Run a Retirement Dress Rehearsal
I personally think the greatest benefit of working in retirement is the flexibility it provides. I spoke to another client this past week who has a part-time job and a freelance job as well. He told me he was thinking of retiring and wanted to go down to Florida. We reviewed his strategy and figured out he has enough money to retire now if he wants to, but then we got to chatting and he told me his primary job is now a permanent remote one. I said to him, “So, you could actually retire to Florida and keep working, right?” He said, “That’s true – I can do this from anywhere if I have a computer. I don’t have to be in Massachusetts.” So he can retire from Massachusetts, but that doesn’t mean he has to retire from his job. I suggested he try a dress rehearsal, which is a tactic I recommend to most of my clients. For six months, try to stick to the budget you’ll be on in retirement and see if you can afford the lifestyle that you want on a budget. It’s better to figure out what your essential expenses are ahead of time and how much you have leftover for the things you actually want to do. If not, you’ve at least found your baseline and then can work on saving money for your “likes to have stuff.” Because you never should have to worry about running out of money in retirement nor should you compromise on the retirement you want. You’ve earned it.
In my many years of doing this, I’ve seen that for most people the biggest hurdle for them is the unknowns. And for most, retirement is unchartered territory – when was the last time in your life you had unending free time at your disposal? Probably when you were a child. This can be incredibly intimidating. Keeping one foot in your pre-retirement life can help your new course feel more familiar, so you feel more confident. That’s always my goal when working with clients, I help them chart a retirement for whatever course they choose. You’re steering the ship, we’re just here to help you on the voyage.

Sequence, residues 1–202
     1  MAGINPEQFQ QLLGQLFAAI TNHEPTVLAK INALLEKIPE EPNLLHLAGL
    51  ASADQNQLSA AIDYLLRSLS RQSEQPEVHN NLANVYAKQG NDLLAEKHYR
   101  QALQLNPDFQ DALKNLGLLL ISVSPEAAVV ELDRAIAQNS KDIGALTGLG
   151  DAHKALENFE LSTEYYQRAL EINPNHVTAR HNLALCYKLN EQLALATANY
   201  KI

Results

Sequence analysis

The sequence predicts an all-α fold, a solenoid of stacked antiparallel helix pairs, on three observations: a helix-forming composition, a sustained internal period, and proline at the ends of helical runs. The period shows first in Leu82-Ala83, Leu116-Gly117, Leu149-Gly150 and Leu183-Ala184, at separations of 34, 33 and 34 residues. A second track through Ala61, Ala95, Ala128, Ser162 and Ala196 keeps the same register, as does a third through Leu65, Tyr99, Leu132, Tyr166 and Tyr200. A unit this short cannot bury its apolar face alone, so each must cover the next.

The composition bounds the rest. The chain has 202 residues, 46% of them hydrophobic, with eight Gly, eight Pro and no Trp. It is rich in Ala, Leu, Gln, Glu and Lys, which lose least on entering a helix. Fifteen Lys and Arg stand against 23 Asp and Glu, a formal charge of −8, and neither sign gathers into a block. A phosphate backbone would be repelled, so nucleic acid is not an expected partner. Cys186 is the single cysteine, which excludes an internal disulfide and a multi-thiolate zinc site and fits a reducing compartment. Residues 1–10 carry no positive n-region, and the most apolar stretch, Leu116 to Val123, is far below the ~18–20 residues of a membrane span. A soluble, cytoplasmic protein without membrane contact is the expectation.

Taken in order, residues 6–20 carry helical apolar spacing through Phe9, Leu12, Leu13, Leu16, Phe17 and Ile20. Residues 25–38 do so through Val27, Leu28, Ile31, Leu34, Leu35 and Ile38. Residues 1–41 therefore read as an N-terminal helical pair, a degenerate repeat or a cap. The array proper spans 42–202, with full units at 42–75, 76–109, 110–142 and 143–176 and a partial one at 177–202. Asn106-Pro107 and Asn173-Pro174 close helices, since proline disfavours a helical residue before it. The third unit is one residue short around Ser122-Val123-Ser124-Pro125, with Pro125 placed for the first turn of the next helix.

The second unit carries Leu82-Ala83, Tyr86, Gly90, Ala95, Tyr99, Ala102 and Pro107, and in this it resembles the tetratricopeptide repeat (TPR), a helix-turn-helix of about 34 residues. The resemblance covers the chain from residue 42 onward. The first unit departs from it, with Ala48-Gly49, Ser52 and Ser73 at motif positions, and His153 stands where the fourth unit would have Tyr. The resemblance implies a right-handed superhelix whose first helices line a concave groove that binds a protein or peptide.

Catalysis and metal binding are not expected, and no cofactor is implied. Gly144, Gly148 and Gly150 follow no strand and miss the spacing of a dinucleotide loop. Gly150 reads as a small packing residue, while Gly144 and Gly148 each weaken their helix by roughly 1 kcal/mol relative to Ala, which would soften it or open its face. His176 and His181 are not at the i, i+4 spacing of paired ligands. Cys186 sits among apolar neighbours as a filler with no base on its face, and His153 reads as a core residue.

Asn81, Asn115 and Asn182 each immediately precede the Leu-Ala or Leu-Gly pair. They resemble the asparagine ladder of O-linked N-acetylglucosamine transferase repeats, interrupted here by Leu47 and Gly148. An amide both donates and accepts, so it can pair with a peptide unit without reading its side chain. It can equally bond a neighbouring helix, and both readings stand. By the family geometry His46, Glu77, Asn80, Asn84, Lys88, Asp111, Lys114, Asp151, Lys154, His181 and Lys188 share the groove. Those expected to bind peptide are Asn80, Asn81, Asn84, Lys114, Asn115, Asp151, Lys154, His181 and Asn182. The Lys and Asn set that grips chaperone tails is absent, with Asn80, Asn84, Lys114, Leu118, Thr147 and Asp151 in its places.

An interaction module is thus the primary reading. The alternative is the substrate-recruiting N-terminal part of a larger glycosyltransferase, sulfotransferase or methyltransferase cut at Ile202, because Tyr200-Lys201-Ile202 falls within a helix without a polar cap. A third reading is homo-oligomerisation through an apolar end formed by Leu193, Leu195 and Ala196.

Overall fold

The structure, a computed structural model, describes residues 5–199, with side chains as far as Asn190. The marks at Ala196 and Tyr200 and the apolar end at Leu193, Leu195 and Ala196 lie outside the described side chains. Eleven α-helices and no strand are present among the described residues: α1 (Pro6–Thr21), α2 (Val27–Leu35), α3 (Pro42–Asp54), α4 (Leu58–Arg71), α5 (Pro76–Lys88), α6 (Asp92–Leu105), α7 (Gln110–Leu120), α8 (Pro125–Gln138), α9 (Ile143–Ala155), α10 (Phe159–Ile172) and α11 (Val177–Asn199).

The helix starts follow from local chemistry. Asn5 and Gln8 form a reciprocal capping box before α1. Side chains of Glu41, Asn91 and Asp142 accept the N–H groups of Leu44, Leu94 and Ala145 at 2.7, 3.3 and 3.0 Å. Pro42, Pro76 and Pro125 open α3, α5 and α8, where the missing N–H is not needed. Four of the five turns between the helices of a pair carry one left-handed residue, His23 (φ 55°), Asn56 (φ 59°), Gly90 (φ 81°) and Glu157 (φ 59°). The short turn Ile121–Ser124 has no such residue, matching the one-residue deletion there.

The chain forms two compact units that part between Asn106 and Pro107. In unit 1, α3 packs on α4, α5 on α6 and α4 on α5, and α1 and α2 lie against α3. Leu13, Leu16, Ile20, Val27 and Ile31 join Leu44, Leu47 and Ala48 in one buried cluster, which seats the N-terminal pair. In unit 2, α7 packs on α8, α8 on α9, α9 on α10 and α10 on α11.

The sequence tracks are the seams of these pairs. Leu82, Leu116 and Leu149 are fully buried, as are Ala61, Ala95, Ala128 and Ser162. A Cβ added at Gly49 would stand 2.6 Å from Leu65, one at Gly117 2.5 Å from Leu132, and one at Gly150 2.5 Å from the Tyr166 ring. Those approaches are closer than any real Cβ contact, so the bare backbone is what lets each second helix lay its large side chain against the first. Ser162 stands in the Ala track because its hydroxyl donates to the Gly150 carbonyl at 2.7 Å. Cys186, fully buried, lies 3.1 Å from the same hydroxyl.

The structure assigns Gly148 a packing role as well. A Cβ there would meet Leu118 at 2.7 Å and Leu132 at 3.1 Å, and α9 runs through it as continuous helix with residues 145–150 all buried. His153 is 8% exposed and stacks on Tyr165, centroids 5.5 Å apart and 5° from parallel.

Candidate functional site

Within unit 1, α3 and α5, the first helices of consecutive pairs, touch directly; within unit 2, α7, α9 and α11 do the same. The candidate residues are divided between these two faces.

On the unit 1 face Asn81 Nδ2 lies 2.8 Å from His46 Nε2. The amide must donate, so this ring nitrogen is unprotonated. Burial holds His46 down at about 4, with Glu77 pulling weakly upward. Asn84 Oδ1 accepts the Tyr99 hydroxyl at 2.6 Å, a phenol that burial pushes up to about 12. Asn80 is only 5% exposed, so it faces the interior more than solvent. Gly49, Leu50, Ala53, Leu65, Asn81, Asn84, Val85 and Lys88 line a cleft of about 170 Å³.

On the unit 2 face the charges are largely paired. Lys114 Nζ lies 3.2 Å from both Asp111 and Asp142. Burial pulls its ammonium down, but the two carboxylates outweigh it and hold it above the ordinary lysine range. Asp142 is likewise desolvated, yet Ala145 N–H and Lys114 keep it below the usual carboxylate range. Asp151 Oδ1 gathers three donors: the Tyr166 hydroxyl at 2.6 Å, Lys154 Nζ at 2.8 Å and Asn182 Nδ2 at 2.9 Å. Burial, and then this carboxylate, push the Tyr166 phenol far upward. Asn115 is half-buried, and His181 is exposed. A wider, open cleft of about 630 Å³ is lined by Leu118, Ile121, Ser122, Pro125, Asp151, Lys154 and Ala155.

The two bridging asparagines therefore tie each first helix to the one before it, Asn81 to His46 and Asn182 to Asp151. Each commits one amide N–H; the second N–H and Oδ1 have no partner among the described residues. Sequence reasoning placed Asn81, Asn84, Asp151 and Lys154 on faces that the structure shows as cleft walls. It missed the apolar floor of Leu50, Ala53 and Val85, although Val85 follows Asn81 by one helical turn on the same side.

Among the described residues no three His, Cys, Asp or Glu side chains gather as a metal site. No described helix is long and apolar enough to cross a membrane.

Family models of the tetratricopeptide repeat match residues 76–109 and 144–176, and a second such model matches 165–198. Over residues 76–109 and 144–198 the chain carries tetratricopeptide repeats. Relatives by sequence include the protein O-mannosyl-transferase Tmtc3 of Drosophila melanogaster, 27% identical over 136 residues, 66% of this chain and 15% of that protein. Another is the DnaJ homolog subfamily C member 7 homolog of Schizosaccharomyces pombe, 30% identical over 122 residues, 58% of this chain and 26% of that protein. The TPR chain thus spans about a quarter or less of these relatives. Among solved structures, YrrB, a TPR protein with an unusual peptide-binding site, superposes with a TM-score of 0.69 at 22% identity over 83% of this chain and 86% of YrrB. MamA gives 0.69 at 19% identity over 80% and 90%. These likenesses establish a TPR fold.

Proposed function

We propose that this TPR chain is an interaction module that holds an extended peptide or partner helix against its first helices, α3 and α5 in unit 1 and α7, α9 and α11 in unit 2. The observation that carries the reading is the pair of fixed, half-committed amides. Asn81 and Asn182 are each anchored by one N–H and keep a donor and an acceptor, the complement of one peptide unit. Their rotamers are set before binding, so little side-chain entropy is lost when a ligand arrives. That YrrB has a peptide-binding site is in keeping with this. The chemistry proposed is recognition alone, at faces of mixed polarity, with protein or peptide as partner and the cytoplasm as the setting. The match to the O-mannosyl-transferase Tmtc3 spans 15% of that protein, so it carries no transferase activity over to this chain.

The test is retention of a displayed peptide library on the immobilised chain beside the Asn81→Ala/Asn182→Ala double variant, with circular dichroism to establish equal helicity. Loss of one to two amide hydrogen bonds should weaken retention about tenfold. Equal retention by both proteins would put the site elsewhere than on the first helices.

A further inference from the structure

Rowlette and Associates, LLC DBA: South Shore Retirement Services – an affiliated company – is an independent financial services firm offering both insurance and investment services. Investment advisory services are offered only by duly registered individuals through AE Wealth Management, LLC (AEWM). AEWM and Rowlette and Associates, LLC DBA: South Shore Retirement Services not affiliated companies. Investing involves risk, including the potential loss of principal. Any references to protection benefits, safety, security, lifetime income, generally refer to fixed insurance products, never securities or investment products. Insurance and annuity product guarantees are backed by the financial strength and claims-paying ability of the issuing insurance company. Our firm is not affiliated with or endorsed by the U.S. Government or any governmental agency. Neither the firm nor its agents or representatives may give tax or legal advice. Individuals should consult with a qualified professional for guidance before making any purchasing decisions. 1235726 – 03/22